While not absolutely necessary, it is highly desirable that each member of the class should look at a fruit-dot of some fern through a three-quarters objective of a compound microscope, and then examine the spore-cases and the spores through a one-sixth objective. It must be remembered that this lesson is for advanced grades, and is a preparation for systematic scientific work. If a microscope is not available, the work may be done with a hand lens aided by pictures.
1. Take a fern that is in fruit; lay it on a sheet of white paper and leave it thus for a day or two, where it will not be disturbed and where there is no draught; then take it up carefully; the form of the fern will be outlined in dust. What is this dust?
2. What conditions must the spores have in order to grow? What do they grow into? (See First Studies of Plant Life by Atkinson, p. 207).
3. Look at a ripe fruit-dot on the back of a fern leaf and see where the spores come from. Can you see with a lens many little, brown globules? Can you see that some of them are torn open? These are the spore-cases, called sporangia, each globule being packed with spores. Can you see how the sporangia are fastened to the leaf by little stems?
4. Almost all our common wood ferns have the spore-cases protected by a thin membrane, the spore-blanket, when very young; this little membrane is called the indusium, and it is of different shape in those ferns which do not have the same surname, or generic name. Study as many kinds of wood ferns as you can find. If the blanket, or indusium, is circular with a dent at the center where it is fastened to the leaf, and the spore-cases push out around the margin, it is a Christmas fern; if horseshoe-shaped, it is one of the wood ferns; if oblong, in rows on each side of the midrib, it is a chain fern; but if oblong and at an angle to the midrib, it is a spleenwort; if it is pocket-shaped and opening at one side, it is a bladder fern; if it is cup-shaped, it is a boulder fern; if it breaks open and lays back in star shape, it is a woodsia; if the edge of the fern leaf is folded over all along its margin to protect the spore-cases, it is a bracken; if the tips of the scallops of the leaf be delicately folded over to make a spore blanket, it is the maidenhair.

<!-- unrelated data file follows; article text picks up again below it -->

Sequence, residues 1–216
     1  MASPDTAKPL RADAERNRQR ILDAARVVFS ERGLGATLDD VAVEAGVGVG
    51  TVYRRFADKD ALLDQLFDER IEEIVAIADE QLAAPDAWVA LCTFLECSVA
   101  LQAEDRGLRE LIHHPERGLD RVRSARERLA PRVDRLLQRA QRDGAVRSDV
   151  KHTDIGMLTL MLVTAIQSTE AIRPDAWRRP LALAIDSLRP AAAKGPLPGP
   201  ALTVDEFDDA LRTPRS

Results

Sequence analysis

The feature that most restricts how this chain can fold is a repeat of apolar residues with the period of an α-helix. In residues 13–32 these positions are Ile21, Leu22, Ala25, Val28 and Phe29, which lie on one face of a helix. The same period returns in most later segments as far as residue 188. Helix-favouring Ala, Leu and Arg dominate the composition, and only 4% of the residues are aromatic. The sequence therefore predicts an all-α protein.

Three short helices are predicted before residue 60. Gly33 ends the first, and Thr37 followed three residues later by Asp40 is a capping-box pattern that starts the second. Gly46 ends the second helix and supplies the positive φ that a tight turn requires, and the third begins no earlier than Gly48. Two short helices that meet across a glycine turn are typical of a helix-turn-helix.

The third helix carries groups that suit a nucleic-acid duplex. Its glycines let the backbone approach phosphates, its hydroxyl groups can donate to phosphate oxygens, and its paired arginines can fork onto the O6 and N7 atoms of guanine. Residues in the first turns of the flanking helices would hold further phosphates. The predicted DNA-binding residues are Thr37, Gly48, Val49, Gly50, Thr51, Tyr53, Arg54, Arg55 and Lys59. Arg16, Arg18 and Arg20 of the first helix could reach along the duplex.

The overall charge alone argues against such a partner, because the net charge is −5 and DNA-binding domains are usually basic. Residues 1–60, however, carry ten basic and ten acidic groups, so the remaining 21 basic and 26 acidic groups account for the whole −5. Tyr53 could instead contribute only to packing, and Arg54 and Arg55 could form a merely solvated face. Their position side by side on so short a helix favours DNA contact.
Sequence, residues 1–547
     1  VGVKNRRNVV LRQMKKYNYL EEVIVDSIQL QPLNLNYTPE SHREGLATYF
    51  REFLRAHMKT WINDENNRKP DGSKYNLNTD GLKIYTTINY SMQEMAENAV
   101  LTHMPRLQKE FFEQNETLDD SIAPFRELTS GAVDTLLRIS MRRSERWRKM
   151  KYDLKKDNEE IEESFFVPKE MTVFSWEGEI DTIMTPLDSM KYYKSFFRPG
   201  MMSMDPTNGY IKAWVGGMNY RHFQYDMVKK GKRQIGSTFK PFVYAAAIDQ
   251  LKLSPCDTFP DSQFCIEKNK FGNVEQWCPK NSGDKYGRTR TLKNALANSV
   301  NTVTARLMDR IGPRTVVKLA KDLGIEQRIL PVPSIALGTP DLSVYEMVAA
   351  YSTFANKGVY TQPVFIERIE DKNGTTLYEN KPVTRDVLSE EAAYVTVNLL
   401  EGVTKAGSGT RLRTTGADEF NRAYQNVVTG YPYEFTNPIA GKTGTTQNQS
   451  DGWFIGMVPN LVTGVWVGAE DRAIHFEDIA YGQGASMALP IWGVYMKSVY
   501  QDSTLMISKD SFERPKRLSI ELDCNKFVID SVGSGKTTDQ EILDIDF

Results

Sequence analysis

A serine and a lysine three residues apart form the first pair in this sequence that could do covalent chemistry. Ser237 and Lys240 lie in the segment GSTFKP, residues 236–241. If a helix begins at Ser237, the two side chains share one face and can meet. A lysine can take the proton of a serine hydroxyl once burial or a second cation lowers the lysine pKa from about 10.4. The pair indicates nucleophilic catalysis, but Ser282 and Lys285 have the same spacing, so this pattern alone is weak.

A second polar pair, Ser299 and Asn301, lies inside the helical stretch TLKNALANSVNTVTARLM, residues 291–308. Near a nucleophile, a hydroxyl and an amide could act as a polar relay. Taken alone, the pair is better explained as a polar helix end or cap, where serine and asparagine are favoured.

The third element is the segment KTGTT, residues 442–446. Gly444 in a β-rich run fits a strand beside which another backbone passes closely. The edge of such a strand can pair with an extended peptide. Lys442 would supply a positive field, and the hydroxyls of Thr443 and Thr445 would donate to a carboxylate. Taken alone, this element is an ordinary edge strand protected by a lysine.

5. If you know of swampy land where there are many tall brakes, look for a kind that has some of its pinnæ withered and brown. Examine these withered pinnæ, and you will see that they are not withered at all but are changed into little cups to hold spore-cases. This is the interrupted fern. The flowering fern has the pinnæ at its tip changed into cups for spore-cases. The cinnamon fern, which grows in swampy places, has whole fronds which are cinnamon-colored and look withered, but which bear the spores. The ostrich fern, which has fronds which look like magnificent ostrich feathers, has stiff, little stalks of fruiting fronds very unlike the magnificent sterile fronds. The sensitive fern, which grows in damp meadows and along roadsides, also has contracted fruiting fronds. If you find any of these, compare carefully the fruiting with the sterile fronds, and note in each case the resemblance in branching and in pinnules and also the shape of the openings through which the spores are sifted out.
6. Gather and press specimens of as many ferns in the fruiting stage as you can find, taking both sterile and fruiting fronds in those species which have this specialization.
7. Read in the geologies about the ferns which helped to make our coal beds.
Supplementary reading.—The Story of a Fern; First Studies of Plant Life, Atkinson; The Petrified Fern, M. L. B. Branch.
"Nature made ferns for pure leaves to see what she could do in that line."